It's no wonder there are so many procrastinators. Between the deadlines and the uncertainty surrounding how much you'll owe or have refunded, taxes are stressful.
But it doesn't have to be that way. The IRS offers a simple calculator on its website that will estimate your total tax burden. If you're fairly organized, figuring it out will take as little as 10 minutes (I timed it). And by checking in on your tax standing by October 1, you have three months to make adjustments -- and avoid surprises come April.
Find Out How Much You Owe
The first step is to go to the free, user-friendly IRS Withholding Calculator and answer the questions about your tax filing status and dependents.
Next you'll be asked for income information. For most people, your most recent pay stub will have the necessary numbers. If you're self-employed, take the extra time to add up your income so far and estimate what you'll get for the last quarter of the year.
The calculator will then provide an estimate of how much you'll owe compared to how much you are on track to have withheld at the end of the year. It will also give guidance on how to adjust your withholdings for the rest of the year to either make up the difference or prevent having too much withheld.
Take the Edge off the Tax Bite Now
Now that you know where you stand, it's time to take action. Changing your withholdings is as easy submitting an updated W-4 form to your payroll administrator. You may also want to consider other steps to manage your overall tax bill.
If you expect to owe, look into beefing up your deductions. Here are a few suggestions:
- Make your January mortgage payment in late December. This boosts the amount of mortgage interest you can deduct. You may also be able to prepay property taxes.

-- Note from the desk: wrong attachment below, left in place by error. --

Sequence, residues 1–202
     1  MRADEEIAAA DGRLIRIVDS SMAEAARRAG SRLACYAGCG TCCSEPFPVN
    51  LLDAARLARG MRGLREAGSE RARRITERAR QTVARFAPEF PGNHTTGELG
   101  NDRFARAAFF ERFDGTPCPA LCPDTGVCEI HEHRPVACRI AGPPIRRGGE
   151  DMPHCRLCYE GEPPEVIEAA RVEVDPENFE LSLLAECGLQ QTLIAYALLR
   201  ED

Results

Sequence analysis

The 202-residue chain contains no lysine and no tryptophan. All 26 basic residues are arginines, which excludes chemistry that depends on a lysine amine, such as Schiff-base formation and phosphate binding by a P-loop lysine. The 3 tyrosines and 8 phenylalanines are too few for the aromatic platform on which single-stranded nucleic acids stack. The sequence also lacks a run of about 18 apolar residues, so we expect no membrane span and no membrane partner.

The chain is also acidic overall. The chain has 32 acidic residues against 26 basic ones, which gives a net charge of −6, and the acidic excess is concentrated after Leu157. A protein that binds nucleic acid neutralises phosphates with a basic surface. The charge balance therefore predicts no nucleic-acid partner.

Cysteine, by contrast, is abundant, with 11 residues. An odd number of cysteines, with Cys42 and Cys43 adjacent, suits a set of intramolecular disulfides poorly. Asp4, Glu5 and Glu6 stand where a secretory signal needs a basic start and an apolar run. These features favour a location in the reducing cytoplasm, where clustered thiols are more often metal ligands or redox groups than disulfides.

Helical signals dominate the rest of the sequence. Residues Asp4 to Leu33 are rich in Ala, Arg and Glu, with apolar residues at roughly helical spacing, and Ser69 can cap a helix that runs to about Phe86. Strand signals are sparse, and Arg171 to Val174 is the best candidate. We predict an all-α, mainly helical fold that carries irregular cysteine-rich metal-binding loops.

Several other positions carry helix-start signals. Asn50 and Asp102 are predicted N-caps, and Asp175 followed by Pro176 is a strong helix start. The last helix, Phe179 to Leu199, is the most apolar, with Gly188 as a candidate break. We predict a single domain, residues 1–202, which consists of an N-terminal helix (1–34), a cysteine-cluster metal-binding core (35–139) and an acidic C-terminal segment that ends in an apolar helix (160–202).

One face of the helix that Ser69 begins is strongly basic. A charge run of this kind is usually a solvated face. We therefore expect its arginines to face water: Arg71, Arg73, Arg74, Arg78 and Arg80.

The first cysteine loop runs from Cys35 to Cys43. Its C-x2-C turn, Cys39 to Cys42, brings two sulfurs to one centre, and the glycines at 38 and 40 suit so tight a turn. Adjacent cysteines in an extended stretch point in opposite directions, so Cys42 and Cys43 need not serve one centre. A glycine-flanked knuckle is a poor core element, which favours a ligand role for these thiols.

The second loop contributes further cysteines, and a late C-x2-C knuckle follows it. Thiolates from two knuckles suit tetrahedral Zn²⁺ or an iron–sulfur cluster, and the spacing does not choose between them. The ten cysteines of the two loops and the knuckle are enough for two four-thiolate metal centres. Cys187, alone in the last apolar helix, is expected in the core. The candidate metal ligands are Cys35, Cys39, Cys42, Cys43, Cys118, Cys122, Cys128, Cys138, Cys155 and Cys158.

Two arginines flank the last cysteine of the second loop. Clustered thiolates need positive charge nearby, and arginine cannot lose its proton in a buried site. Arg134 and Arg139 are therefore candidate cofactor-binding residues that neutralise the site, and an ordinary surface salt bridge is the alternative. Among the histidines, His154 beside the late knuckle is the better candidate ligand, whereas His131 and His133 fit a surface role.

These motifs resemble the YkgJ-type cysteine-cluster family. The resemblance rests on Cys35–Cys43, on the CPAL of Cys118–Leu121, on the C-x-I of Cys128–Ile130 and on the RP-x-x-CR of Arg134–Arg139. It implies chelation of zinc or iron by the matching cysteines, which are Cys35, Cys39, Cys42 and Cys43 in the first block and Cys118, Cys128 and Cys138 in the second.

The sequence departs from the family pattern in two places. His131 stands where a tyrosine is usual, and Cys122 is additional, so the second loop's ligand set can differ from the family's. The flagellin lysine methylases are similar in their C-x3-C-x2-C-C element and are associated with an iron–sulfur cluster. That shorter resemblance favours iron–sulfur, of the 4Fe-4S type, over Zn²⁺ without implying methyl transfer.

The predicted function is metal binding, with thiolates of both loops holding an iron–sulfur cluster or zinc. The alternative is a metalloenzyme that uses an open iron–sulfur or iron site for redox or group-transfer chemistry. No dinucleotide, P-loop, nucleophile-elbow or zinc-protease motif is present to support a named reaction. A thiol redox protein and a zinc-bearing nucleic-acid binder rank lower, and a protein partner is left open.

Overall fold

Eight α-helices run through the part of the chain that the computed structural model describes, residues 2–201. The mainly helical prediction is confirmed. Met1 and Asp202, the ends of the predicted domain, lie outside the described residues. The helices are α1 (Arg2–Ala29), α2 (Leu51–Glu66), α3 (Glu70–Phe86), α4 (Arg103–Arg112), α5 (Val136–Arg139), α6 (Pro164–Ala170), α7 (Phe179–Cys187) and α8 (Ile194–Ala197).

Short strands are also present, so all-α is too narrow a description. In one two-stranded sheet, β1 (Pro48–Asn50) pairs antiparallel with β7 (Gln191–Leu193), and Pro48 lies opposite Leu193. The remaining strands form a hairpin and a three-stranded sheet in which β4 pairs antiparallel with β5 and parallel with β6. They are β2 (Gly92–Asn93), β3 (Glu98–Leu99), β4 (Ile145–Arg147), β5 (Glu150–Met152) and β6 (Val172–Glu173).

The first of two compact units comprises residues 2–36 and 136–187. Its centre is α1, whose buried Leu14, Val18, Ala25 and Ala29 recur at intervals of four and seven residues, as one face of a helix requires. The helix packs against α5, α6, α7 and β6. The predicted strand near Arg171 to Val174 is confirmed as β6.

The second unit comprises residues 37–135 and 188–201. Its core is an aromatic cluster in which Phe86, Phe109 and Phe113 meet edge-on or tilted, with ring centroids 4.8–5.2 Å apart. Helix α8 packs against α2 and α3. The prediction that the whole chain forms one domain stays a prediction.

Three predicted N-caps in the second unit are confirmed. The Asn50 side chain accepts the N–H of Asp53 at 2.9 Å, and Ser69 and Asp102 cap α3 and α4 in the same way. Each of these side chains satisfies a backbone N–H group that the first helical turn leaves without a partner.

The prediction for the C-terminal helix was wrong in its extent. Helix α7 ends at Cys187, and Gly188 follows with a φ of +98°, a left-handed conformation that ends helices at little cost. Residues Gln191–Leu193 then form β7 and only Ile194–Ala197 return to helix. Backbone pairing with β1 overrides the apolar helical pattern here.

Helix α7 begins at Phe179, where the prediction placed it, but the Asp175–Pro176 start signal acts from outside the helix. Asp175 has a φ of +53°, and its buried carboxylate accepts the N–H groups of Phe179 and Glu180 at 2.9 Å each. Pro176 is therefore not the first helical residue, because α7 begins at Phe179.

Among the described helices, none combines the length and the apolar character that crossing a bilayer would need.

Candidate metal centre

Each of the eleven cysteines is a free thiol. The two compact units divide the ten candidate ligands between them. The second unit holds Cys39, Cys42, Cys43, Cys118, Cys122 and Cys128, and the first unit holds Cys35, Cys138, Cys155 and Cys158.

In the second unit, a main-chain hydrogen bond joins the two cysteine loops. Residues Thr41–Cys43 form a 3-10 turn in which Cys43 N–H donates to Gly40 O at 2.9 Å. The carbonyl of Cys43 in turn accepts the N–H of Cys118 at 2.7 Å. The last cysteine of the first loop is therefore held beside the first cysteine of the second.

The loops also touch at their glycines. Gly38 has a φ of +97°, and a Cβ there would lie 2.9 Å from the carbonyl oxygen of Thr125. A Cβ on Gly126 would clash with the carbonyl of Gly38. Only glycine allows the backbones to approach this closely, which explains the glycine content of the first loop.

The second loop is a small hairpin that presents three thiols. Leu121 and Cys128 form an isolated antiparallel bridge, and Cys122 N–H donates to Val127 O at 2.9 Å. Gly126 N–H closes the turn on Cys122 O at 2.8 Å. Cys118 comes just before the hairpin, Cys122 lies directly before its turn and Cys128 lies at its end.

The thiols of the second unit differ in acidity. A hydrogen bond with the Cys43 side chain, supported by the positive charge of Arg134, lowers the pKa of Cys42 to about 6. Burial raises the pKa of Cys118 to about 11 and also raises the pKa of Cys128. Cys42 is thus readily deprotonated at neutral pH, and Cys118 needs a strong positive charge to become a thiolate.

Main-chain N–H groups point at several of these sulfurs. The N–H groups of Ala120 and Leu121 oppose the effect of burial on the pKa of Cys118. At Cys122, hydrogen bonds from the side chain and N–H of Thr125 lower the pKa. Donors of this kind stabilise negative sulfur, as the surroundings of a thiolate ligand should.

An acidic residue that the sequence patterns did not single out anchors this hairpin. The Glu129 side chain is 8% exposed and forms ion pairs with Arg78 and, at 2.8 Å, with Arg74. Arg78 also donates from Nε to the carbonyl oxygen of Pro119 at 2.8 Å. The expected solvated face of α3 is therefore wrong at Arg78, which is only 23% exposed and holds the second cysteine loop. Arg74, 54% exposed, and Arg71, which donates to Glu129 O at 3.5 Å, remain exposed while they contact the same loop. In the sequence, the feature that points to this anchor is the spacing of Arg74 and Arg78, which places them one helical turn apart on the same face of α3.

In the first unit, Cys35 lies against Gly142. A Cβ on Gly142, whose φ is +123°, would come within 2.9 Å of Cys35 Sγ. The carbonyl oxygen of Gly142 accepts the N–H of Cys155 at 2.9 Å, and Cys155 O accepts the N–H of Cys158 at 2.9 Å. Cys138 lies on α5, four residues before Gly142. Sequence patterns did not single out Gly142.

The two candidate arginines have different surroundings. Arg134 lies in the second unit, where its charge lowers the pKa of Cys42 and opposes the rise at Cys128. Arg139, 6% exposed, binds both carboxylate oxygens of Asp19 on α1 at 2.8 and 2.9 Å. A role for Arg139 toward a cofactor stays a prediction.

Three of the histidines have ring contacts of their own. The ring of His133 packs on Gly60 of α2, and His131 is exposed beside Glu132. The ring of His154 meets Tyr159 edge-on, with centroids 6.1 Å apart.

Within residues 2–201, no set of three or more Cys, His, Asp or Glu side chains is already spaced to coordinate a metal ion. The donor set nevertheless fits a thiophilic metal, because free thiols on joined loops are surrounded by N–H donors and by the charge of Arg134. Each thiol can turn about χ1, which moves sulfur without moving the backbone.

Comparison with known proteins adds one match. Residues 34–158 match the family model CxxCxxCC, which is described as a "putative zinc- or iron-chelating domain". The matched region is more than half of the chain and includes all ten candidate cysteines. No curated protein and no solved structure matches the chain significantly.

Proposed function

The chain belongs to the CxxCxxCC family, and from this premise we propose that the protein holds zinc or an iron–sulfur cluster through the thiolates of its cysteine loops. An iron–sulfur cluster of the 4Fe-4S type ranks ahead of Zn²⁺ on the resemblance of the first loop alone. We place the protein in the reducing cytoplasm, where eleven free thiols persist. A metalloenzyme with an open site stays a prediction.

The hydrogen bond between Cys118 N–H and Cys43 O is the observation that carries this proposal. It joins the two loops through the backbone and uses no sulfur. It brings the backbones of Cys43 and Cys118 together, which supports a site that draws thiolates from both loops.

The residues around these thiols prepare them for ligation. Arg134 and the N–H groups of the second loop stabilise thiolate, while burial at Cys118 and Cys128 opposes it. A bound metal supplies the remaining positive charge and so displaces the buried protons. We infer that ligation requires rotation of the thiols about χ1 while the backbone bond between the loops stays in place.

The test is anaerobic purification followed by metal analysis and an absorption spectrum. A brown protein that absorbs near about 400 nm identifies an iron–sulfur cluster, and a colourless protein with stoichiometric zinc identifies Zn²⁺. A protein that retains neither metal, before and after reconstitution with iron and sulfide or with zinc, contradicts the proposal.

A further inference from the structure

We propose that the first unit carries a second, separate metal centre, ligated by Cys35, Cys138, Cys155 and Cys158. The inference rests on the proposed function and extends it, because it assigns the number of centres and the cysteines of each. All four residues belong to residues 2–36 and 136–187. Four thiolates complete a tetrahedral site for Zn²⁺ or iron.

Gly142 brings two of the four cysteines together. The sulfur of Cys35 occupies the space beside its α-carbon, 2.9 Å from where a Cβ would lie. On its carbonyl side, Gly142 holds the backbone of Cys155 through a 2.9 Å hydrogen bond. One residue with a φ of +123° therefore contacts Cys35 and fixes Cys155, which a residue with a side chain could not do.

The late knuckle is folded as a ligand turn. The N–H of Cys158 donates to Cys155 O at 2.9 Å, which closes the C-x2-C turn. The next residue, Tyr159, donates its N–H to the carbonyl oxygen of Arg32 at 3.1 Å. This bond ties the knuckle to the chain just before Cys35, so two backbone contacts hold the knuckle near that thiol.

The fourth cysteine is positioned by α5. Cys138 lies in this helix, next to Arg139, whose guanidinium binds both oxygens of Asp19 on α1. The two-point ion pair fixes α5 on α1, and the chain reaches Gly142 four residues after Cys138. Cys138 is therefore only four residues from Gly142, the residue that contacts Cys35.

- If eligible, plan to make a deductible IRA contribution before April 15, 2014.
- Purchase any deductible professional equipment such as a new computer before the end of the year.
- Ask to have any year-end bonuses paid after Jan. 1 (thereby pushing the tax hit to 2014).
- Make extra charitable contributions.
If you're expecting a refund, lucky you! Sure, you can take the money and run, but why not consider ways to shift some of your tax liability forward?
- If you have stock options, think about exercising them before the end of the year so your expected refund can counter the resulting tax hit.
- You may also want to review your portfolio for any winners you're ready to sell, or consider a Roth IRA conversion.
- If nothing else, at least file as early as you can, and put that money back to work for you.
Regardless of your situation, knowing what to expect allows you to make smart choices about everything from tax-loss selling to Roth IRA conversions now, when those moves can help you most.
Robyn Gearey is a Motley Fool contributing writer.